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Reviewed by:
  • Blending Technologies in Second Language Classrooms
  • David Kaufman
P. Gruba and D. Hinkelman (2012). Blending Technologies in Second Language Classrooms. London: Palgrave Macmillan. Pp. 200, CAN$69 (hardback).

This book explores the theory and practice of blending technologies in second-language classrooms in tertiary education and discusses many aspects involved in successfully combining face-to-face and online teaching approaches to enhance students’ learning. In a relatively short yet dense text, the authors provide advice and numerous guidelines around the book’s main theme of blended technologies. The two authors are highly experienced academics with years of practical experience in blended learning and second-language teaching. Paul Gruba is Senior Lecturer in the School of Languages and Linguistics, University of Melbourne, Australia. Don Hinkelman is Associate Professor at Sapporo Gakuin University, Japan. The authors explain from the start that they will develop a single thesis throughout the book: “the integration of technologies is best achieved if it is purposeful, [End Page 121] appropriate, multimodal and sustainable, and it is developed within a community of innovation” (xv). They assert that the key attraction in adopting a blended approach is that it creates a third space between colleagues who either strongly advocate, or strongly resist, the use of electronic technologies in language learning and teaching.

The book comprises eight chapters that address both theory and practice. The first chapter reviews the work that has been done to date around blended approaches to learning, discussing models and frameworks as well as success factors and unresolved issues. The authors also review the impact of learning theory on blended learning, influenced by social constructivist and social cognitive theories. Chapter 2 proposes a multidimensional view of technologies. A wide definition of technologies is proposed that includes variations in groupings, timings, texts, spaces, and tools. The authors also discuss ways that process-oriented, rather than tool-centric concepts of technology can foster more effective blended learning. In chapter 3, the authors assert that the development of blended learning can benefit from a three-tiered structure at the micro, meso, and macro levels. At the micro level, design considerations involve tasks, lesson plans, and syllabi. The meso level addresses the alignments of classroom practices with the policies of the course and institution. The macro level refers to international, national, and provincial/state policies and high-stakes language-testing standards. Another useful contribution of this chapter is the descriptions of potential mistakes in selecting technologies, their causes, and management tactics. Examples are provided at all three design levels.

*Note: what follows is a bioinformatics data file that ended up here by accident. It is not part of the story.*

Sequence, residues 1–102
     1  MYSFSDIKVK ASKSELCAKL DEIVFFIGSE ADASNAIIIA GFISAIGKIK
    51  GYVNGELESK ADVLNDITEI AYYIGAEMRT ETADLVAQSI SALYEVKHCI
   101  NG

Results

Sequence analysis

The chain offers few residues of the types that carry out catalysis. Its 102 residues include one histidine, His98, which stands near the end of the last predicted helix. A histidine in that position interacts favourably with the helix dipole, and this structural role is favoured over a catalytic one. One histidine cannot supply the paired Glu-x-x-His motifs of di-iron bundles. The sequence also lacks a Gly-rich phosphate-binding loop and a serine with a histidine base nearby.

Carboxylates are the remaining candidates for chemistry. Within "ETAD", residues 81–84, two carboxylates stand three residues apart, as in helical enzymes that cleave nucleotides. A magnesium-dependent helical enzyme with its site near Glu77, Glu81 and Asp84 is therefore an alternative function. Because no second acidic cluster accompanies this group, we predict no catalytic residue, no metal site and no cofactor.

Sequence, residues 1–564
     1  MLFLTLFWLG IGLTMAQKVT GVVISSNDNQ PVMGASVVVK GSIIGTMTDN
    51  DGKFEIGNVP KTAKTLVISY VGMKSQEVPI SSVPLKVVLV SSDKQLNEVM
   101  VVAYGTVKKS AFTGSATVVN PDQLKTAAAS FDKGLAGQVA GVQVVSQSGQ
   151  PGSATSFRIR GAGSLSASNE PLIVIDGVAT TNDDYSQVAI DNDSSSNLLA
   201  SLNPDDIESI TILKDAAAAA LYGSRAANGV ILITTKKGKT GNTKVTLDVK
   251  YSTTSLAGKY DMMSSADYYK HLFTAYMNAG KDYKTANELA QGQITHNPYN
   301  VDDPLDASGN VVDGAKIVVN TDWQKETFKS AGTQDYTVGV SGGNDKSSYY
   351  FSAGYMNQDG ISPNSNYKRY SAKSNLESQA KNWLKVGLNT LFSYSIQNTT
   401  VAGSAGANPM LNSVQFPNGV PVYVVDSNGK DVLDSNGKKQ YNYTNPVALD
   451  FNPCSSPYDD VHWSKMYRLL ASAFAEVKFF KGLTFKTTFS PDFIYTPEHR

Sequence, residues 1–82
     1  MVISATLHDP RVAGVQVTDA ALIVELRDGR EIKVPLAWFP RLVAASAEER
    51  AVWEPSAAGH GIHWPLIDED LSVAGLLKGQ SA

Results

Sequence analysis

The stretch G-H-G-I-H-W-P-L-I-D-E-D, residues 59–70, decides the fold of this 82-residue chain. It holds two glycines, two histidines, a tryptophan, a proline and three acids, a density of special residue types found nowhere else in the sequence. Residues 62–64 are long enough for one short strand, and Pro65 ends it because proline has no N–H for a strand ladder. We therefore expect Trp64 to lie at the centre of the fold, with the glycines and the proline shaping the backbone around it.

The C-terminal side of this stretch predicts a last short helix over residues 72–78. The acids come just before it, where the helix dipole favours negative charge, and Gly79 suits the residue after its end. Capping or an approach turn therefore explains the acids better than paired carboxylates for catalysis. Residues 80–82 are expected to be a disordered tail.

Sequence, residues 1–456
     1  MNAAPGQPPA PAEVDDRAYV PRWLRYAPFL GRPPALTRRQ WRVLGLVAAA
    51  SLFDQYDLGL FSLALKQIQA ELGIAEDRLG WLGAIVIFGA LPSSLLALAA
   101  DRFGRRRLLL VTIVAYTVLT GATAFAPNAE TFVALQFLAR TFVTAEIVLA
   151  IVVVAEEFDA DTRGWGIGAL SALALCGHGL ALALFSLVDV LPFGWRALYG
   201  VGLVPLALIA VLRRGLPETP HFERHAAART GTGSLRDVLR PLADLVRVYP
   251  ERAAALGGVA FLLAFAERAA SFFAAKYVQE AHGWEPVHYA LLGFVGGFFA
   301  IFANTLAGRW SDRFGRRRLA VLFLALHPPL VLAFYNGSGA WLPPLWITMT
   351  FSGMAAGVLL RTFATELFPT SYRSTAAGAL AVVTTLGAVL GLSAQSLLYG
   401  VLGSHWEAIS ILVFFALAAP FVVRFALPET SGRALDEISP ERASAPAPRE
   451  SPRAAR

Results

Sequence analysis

Chapter 4 reviews concepts and key elements of assessment and discusses the variety of ways that technologies can be blended in assessments; it then describes the development of criteria called rubrics. The authors’ central focus is on formative assessment for use by teachers and their learners. They discuss four assessment elements: clear aims and objectives, authenticity and value, fairness and objectivity, and efficiency and practicality. In chapter 5, the authors define action research as “a small-scale study designed by an individual instructor or teaching team to investigate blended approaches that lead to iterative and sustainable improvements in classroom-based teaching in a range of possible areas” (71). They provide guidelines for conducting action research and also explain their post-positivist, qualitative views and methodology tactics regarding action research.

Chapter 6 provides a detailed ethnography of three blended learning lessons or tasks in English as a foreign language (EFL) classrooms in university settings. The first description is an oral communication task, the second deals with written communication, and the third is an [End Page 122] inter-class cultural exchange. The authors first describe the task aims and the curricular background. They then provide a step-by-step flow-chart and analysis of the technology descriptions and blended configurations. In chapter 7, the authors employ three themes to illustrate blended learning in practice from an institutional perspective: infrastructure design, faculty research, and materials development. They argue that a best practice view of describing cases of blended language learning has limitations and adopt a framework that attempts to view technologies from several dimensions such as purpose, appropriateness, multimodal use, and sustainability. Finally, chapter 8 provides a review of blended learning and...


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pp. 121-123
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